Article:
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Description and Background

Cobalt is a hard grey metal with magnetic properties. Cobalt is ubiquitous at low quantities in the environment although concentrations vary. Almost never occurring in native form, cobalt is usually combined with elements such as arsenic and
sulphur.1 The main locations where cobalt is mined are Zambia, Congo, Canada, Russia and Australia. Cobalt is primarily used for its magnetic properties, to make alloys with other metals and for jet engine and cutting tool production. It is also used as a pigment in glass, ceramics and paints as paint dryer, and as a catalyst for the petroleum industry and in batteries. Radioactive isotopes of cobalt, which do not occur naturally, are used in medicine.

Naturally occurring
In the UK, BGS and SEPA have undertaken stream sediment studies2 to determine the extent of trace contaminants. The highest concentrations of cobalt are often found in waters containing high iron or manganese however the concentration of total cobalt in freshwaters is generally low.

Contamination sources
Higher concentrations are generally associated with industrialised or mining areas. The production of alloys and chemical compounds containing cobalt, sewage effluents, urban run-off and agricultural run-off are major sources of cobalt contamination1.

Health Significance

Cobalt is an essential element for human health, being a constituent of vitamin B12. Severe health effects from exposure to naturally occurring cobalt are rare, with most effects reported due to inhalation. Ingestion of large quantities of cobalt may cause
effects on the blood and liver as well as dermatitis3.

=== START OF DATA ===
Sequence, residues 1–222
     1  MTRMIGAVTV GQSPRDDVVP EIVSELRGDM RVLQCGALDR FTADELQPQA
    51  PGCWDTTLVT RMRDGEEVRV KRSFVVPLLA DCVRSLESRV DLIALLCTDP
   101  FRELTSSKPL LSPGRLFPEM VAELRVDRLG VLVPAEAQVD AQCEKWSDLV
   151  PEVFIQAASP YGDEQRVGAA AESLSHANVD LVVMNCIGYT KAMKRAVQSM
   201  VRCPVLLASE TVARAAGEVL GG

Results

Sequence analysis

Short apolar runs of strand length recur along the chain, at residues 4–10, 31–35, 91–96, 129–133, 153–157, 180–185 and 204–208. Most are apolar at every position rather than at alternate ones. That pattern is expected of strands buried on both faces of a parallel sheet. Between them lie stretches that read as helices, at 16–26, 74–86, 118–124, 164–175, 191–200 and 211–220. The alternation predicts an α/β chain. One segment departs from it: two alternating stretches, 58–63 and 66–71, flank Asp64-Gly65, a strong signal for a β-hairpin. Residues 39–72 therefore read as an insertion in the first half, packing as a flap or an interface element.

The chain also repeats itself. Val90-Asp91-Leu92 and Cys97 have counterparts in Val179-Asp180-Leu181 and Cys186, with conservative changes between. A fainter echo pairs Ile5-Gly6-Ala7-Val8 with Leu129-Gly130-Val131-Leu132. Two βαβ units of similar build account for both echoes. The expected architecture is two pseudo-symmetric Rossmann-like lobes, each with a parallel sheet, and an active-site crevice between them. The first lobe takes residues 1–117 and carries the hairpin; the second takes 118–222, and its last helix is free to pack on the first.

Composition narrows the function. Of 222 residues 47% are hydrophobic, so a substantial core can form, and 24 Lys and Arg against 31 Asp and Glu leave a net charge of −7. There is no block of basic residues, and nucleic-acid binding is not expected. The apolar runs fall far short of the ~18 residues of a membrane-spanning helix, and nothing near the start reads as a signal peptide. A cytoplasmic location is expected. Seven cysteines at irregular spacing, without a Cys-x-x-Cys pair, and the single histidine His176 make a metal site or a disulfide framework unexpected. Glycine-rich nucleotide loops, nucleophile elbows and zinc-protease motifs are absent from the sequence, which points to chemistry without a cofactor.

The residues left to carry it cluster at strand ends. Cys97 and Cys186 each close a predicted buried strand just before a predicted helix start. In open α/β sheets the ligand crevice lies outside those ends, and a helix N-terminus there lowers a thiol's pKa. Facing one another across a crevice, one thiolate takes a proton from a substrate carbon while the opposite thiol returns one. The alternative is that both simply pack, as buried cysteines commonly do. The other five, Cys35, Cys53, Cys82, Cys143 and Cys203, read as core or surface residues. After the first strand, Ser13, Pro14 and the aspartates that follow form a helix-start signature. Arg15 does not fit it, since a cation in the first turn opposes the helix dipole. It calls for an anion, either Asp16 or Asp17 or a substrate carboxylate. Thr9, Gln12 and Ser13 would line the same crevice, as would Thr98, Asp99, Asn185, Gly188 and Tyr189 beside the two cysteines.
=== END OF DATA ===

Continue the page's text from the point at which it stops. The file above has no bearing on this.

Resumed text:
There is no WHO Guideline Value for cobalt and the EU Drinking Water Directive does not set a standard for cobalt.

Risk Assessment and Monitoring

The Private Water Supply Regulations do not require routine monitoring for cobalt. However the Regulations require that the water does not contain any substance at a concentration or value which would constitute a potential danger to public health. If
the monitoring local authority considers that cobalt may be present if would be prudent to include it when sampling.

Options for resolving at source

Cobalt is unlikely to be an issue for drinking water, and where it is detected is likely to be associated with industrial pollution and other contaminants of far greater significance. The location of an alternative source is likely to be the most effective


Cobalt should be readily removed by most conventional water treatment processes, especially those involving sedimentation or adsorption. Some pre-oxidation to Cobalt’s +3 oxidation state may be necessary should be readily achieved.

In the unlikely event that point of use treatment for cobalt is required, an absorptive process is likely to be the most cost effective option. Successful removal of cobalt using bentonite and diatomaceous earth sorbants has been reported. Ion exchange
is also likely to be successful, and some selective resins are available for industrial water treatment 4.

References / Further reading

1 Nagpal, N.K. 2004. Ambient water quality guidelines for cobalt
ISBN 0-7726-5228-7 British Columbia Water Protection Section.

2 Shand, P, Edmunds, W M, Lawrence, A R, Smedley, P L, and Burke, S. 2007.
The natural (baseline) quality of groundwater in England and Wales.
British Geological Survey & Environment Agency, RR/07/06 & NC/99/74/24

3 Cobalt Compounds Hazard Summary. Revised 2000.
US EPA website

4 Al-Shahrani S.S. 2014. Treatment of wastewater contaminated with cobalt using Saudi activated bentonite.
Alexandria Engineering Journal 53 (1) 201-211.

FAQ Fact Sheet for Owners and Users

To be developed if necessary